Purdue Pharma’s Opioid Settlement is being challenged by the United States.
The US Justice Department has disputed a proposal to liquidate Purdue Pharma, the maker of the OxyContin painkiller blamed for the country’s opioid crisis, while insulating the company’s founders from legal action.
The government is requesting that the settlement, which was approved by a federal judge earlier this month, be placed on hold while prosecutors dispute it in federal court.
The Sackler families, who founded and benefited from the firm, would have to pay $4.5 billion as part of the agreement, but they would not be prosecuted again over the drug.
Justice Department Trustee William Harrington says in a court document issued Wednesday that the agreement falls short of holding people accountable for the nationwide addiction crisis that has resulted in more than 500,000 overdose fatalities in the United States over the last 20 years.
“By extinguishing the rights of opioid victims against potentially thousands of Sackler Family members and affiliated parties, the agreement hurts both the public and numerous individuals.”
The government claims that if the settlement is approved, there will be no “full accounting” of these individuals and groups’ responsibilities in the “opioid tragedy.”
The attorneys general of Washington, Maryland, Oregon, and Connecticut have all expressed opposition to the agreement, despite the fact that it is supported by other states.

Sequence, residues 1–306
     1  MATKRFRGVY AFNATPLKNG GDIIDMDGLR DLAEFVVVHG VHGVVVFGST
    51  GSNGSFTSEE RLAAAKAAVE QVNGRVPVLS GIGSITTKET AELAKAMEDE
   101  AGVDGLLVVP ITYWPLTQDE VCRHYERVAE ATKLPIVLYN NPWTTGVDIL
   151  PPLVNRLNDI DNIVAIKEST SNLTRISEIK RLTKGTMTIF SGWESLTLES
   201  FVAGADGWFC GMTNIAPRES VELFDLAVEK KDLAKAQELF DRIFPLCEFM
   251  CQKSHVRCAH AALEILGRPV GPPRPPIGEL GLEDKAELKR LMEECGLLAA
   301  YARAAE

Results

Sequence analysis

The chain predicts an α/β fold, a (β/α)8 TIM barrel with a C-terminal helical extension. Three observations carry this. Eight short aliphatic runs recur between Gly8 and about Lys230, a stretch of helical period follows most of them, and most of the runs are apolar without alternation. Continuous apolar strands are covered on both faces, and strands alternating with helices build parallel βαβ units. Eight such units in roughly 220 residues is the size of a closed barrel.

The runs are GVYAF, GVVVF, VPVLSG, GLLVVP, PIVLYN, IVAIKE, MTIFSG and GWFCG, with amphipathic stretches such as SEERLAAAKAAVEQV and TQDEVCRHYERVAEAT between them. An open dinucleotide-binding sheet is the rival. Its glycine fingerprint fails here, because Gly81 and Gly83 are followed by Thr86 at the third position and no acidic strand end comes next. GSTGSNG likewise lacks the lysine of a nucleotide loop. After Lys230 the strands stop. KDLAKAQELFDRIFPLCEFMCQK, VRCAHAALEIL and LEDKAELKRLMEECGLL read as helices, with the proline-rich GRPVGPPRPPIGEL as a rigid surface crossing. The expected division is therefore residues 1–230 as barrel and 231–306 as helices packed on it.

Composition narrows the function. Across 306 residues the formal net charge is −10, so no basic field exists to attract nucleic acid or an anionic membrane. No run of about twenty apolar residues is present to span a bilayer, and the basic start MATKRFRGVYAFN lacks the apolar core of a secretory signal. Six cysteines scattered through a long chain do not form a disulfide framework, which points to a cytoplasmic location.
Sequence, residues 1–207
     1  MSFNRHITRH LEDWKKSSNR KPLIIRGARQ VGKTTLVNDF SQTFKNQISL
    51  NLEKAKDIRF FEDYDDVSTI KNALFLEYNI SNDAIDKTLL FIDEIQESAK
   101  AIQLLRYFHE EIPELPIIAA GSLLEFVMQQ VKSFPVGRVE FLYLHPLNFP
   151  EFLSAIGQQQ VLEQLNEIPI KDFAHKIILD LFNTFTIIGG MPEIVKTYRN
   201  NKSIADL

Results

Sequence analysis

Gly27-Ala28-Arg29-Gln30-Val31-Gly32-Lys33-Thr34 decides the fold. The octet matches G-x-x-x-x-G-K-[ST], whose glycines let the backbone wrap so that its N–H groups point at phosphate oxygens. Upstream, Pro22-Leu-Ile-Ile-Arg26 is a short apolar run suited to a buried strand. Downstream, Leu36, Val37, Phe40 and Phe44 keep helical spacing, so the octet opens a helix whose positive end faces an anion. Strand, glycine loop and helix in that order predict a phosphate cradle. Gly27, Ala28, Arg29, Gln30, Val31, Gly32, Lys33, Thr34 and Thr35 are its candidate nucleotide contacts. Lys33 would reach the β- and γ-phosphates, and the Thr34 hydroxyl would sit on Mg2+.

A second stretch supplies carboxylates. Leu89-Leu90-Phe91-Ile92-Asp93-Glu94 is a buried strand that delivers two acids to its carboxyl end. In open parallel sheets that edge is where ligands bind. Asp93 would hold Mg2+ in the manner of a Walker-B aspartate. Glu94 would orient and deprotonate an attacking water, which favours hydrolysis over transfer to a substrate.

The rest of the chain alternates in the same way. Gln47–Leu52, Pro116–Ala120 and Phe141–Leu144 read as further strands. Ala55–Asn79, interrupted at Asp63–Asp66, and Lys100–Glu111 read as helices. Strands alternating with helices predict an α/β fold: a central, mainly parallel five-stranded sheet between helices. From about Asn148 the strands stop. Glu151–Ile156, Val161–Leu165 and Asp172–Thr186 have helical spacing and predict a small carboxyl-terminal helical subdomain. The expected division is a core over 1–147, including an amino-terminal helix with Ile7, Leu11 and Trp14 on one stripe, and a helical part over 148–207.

Purdue pled guilty to three felony charges last year in the face of an avalanche of litigation over its aggressive attempt to increase sales of OxyContin, a highly addictive prescription drug.
The corporation will be sold by 2024 to be replaced by a new entity administered by a trust, and its involvement in the sale of opioid medicines will be limited under the terms of the agreement.
Purdue will also have to develop a repository for tens of millions of documents that show its sales and marketing strategies.
The Sacklers have praised the agreement, saying it avoids years of litigation, however others such as Washington State Attorney General Bob Ferguson have said it lets the families off the hook.
The Sacklers, like many other American millionaires, have donated to prominent organizations such as the Metropolitan Museum of Art in New York. Many institutions have now outlawed their gifts.
According to Forbes, the family’s money shrank during the crisis, but it was still valued at roughly $10.8 billion late last year, with much of it coming from Purdue.